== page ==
Personal Branding: All of “You” in One Account? Yes or No?

What, oh what, to include when constructing your personal brand?

Recently, while reading Travis Harvey’s recent post, Personal branding: Personal Vs. Professional accounts, I realized how often I’d seen people struggle through this question of whether or not to combine or separate their personal and professional selves online. I also realized how little I see among the streams of tweets and articles and blogs on personal branding about personal branding beyond the job or job search. Most information out there is about how to personally brand yourself within a company, within your company or for your job search.

  • But what if you just want to work on your personal brand to have it there when you need it?
  • What if you’re just trying to be more visible as a person of specific interests and talents?

What is My Personal Brand, Again?

As the infographic in my post How’s This Personal Branding Thing Work, Anyways? shows, your personal brand is all about you – who you are, how you are perceived by others and what you want to achieve. The next steps, talking about creating your brand, show how to go about pulling together your online presence. Whether or not you blog, your online presence is going to be the easiest way other people can access who you are and what you are about.

So here’s the conundrum: When you’re working on your own personal branding, how much “you” do you keep in your account built to showcase your personal brand?

Keep Things Separate or Combine?

Here’s my example: I have one Twitter account (two, if you count my education-related account, but that’s a little different) where I connect with friends and people I know as well as post all the stuff that interests me and speaks to the personal brand I want to showcase. Most of my interests are represented in my posts, so the majority of my tweets are about social media, branding, personal finance, etc. But every now and again there are the personal shout-outs and the odd posts about what’s going on in my local area. Now, I also have a lot of personal interests that aren’t as relevant to many of my followers – say, my obsessive love of the Olympics (starting July 27th!) or my love of HBO shows (Game of Thrones, True Blood, Boardwalk Empire…no matter what season, I’m probably watching something religiously on HBO). Do I tweet about all these other interests in the same account I post my more professional passions?

Keeping your personal and professional accounts separate on Facebook is relatively easy. Create a Page for your personal brand and BAM!, you’re all set. Personal brand-related posts go on the Page, all the truly personal stuff (pictures, status updates, etc) go in your personal FB account. But on Twitter, it’s a lot less fun managing multiple accounts. For one thing, switching between Twitter accounts can be a pain and the site currently doesn’t let you sign in as more than one account at the same time (side note: if someone wants to correct me on this, I’ll be ecstatic to learn that I’m wrong). Tweetdeck and Hootsuite make it easier to manage multiple accounts all at once, but what if you just don’t want to be bothered?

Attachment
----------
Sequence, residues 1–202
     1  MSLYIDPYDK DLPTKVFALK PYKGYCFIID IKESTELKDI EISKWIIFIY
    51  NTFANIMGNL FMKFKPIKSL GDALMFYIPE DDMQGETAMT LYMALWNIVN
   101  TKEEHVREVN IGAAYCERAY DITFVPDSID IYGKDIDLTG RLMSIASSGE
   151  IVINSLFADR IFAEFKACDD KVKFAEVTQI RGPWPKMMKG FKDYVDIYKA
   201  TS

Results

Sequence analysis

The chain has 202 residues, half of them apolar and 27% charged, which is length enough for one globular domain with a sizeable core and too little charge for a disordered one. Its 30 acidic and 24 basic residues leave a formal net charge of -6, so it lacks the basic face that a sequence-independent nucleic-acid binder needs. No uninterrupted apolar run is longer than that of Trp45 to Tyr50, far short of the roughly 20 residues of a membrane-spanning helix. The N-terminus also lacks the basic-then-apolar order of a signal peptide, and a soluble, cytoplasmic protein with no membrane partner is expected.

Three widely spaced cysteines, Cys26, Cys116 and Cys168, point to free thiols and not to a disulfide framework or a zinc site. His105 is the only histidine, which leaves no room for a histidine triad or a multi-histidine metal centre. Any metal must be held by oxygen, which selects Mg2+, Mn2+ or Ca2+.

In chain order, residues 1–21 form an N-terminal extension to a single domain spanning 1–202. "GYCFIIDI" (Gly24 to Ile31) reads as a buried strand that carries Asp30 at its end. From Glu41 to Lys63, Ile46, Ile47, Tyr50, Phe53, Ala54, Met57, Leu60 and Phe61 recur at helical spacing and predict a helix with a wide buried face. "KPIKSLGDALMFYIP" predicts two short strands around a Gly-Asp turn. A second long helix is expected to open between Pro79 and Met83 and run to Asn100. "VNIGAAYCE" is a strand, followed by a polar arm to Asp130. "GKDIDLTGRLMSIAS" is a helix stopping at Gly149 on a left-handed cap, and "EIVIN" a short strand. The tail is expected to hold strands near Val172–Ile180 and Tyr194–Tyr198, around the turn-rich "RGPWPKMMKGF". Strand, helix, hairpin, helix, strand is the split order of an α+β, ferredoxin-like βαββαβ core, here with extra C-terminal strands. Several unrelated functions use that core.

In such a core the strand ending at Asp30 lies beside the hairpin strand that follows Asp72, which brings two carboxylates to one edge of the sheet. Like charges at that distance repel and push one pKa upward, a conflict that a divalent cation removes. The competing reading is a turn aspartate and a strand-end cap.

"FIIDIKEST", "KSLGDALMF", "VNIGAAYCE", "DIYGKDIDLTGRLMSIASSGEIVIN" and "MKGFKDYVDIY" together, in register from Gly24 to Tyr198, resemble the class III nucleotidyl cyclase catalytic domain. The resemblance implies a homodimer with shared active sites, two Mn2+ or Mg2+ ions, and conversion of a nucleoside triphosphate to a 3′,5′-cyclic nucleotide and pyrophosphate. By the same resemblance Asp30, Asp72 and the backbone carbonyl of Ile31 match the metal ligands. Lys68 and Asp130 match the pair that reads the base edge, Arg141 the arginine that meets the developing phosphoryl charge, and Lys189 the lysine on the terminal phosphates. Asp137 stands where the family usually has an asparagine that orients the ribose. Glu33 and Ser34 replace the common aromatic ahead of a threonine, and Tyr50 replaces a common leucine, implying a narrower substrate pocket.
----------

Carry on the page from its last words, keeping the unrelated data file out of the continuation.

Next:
Ultimately, It’s Up to You

In another former post of mine, Why You Can Break Personal Branding Rules, I stated that I felt it was ok to break the “rule” about keeping professional/personal interests separate. I think both make up who you are. But stating this and living it are two different things. I think everyone has to find where they’re comfortable. This is especially important for people who aren’t doing personal branding as a part of a company. If you’re working on your personal brand because you want it to be there when you need it, you have more leeway than folks trying to make the professional “personal and engaging” (<–are we all sick of that word yet?).

Here’s what I suggest:

  • Test it. Try combining your personal branding efforts with all your personal interest posts and see where it takes you. If you find you really want to keep things separate, don’t feel bad about it. Let’s all agree that the answer to “to combine-or-not-combine” lies with the individual.
  • Review and revise as needed. You’re allowed to change your mind.
  • Find what works for YOU. In the end, you have to be happy with what you’re putting out there. It should reflect YOU because that’s the point of personal branding. If you’re hiding half of yourself in an attempt to make other people happy, you’re probably leaving out all the interesting bits that make you who you are.

What About You?

Do you think it’s better to combine personal branding-related posts and personal-interest accounts and posts or no?